FOR IMMEDIATE RELEASE:
3-FOOT-LONG ALLIGATOR ABANDONED IN NEPTUNE
January 15th, 2023 (Neptune) Late Sunday evening, a juvenile alligator was discovered abandoned in a plastic container in an empty lot in Neptune.
Monmouth County SPCA Animal Control was dispatched after a good Samaritan, Angel Rosario, spotted a storage container left in a lot next to his home on Bangs Avenue. Upon investigation, it was confirmed that a 3-foot-long, juvenile alligator was left in a plastic tub late Sunday night in below-freezing temperatures. The young alligator was brought back to the shelter and given a clean tank that allowed proper air circulation and is being kept in a climate-controlled area. The alligator will be transferred to the New Jersey Division of Fish and Wildlife shortly.
Executive Director of the MCSPCA, Ross Licitra states, “It is illegal for New Jersey residents to keep alligators or caimans, which are considered potentially dangerous exotic species. Not only is it a danger to the public, but these animals, when kept in captivity, need very specific care that only professionals can provide.” The MCSPCA Humane Law Enforcement Division is seeking any information about who may have abandoned the gator. If you have any information about the owner of this alligator, please contact MCSPCA Humane Law Enforcement Chief Mike Goldfarb at 732-440-1539, calls may remain anonymous.
OWNER OF NEPTUNE ALLIGATOR FOUND
January 19th, 2023 (Eatontown) Earlier this week, a juvenile alligator was discovered supposedly abandoned in an empty lot in Neptune. The Monmouth County SPCA requested any known information from the public to assist in finding the owner(s) of the illegal species.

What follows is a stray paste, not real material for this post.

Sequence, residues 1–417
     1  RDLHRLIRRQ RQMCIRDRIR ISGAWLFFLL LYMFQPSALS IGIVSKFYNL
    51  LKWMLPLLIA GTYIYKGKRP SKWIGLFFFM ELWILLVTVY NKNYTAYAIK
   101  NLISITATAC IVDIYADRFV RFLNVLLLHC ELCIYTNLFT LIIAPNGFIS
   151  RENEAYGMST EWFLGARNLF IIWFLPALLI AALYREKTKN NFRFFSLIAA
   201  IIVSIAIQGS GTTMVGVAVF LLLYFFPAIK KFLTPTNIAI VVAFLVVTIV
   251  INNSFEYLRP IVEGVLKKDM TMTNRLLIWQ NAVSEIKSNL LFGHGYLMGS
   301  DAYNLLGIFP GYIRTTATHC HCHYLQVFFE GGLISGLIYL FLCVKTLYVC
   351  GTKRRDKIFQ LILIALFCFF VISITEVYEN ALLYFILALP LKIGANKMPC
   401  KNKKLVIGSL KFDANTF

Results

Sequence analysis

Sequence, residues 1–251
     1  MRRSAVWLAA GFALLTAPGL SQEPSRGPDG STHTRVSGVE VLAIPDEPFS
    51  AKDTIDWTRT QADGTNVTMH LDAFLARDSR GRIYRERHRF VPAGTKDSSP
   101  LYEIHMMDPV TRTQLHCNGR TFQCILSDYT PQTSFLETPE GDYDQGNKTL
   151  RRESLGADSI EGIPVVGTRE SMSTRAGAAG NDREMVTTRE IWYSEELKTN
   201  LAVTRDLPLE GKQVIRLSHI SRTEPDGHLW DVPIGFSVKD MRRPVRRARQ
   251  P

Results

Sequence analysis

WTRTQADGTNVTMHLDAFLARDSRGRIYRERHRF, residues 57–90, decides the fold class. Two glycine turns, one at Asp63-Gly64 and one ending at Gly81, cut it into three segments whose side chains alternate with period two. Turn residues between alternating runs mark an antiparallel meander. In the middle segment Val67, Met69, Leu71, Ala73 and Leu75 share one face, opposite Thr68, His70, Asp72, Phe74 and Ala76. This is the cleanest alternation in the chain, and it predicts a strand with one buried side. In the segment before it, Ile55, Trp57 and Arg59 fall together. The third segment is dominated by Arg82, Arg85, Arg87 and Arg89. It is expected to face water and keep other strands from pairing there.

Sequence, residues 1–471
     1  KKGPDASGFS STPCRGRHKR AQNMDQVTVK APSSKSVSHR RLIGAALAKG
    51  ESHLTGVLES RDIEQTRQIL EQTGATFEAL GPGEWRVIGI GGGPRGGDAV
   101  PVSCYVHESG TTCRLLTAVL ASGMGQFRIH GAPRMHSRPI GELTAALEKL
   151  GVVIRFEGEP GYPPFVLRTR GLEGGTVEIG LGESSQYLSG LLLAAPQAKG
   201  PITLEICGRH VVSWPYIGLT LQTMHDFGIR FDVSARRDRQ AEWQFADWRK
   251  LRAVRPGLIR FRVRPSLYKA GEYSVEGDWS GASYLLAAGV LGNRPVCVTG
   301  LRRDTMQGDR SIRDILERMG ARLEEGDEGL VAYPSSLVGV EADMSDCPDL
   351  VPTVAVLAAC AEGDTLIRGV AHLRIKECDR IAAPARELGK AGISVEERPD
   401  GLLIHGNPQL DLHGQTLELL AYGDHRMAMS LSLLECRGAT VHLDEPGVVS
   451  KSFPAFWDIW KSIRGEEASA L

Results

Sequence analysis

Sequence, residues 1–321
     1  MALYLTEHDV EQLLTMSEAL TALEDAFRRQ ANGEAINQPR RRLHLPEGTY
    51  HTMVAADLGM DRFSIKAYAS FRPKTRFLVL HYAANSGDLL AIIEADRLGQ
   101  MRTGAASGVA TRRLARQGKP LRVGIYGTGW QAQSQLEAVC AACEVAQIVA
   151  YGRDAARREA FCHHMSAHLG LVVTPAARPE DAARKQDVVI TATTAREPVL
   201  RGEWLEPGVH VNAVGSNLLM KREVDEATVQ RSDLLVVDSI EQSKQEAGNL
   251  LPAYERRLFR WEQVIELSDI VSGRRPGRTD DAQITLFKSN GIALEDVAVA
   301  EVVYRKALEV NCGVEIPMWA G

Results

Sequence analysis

Thanks to anonymous tips and help from various sources, Savion Mendez of East Orange, and the alleged finder Angel Rosario of Asbury Park, were identified as the main persons of interest. According to MCSPCA Humane Law Enforcement, Mendez purchased the juvenile gator at a reptile expo in Pennsylvania and was keeping him in a 150 gallon tank at his residence in East Orange. When Mendez was evicted from his East Orange residence, he moved with the alligator to the Twinbrook Apartment Complex in Ocean Township, where he and his new roommates are also now facing eviction. Being an acquaintance of Mendez, Angel Rosario offered to take the alligator that was then transported by Mendez to Rosario’s Neptune residence. When Rosario’s parents refused to allow him to keep the 3-foot-long reptile, they collectively staged the abandonment and called the police posing as good Samaritans. We know now that at no point surrounding these circumstances was the alligator left in a dangerous or life-threatening situation.
Savion Mendez will have regulatory charges brought forth by the NJ Department of Fish & Wildlife for the violation of keeping a prohibited and dangerous exotic species. Angel Rosario, along with his parents, are facing charges of falsifying a police report. As for the juvenile gator, he has been transferred to the care of the Cape May Zoo.
MCSPCA Executive Director, Ross Licitra says, “We’d like to thank our Humane Law Enforcement Division who works in conjunction with the Monmouth County Prosecutor’s Office, for investigating this case promptly and professionally. We’re also grateful for the assistance of the public, who gave us key information bringing us to the conclusion of this case.”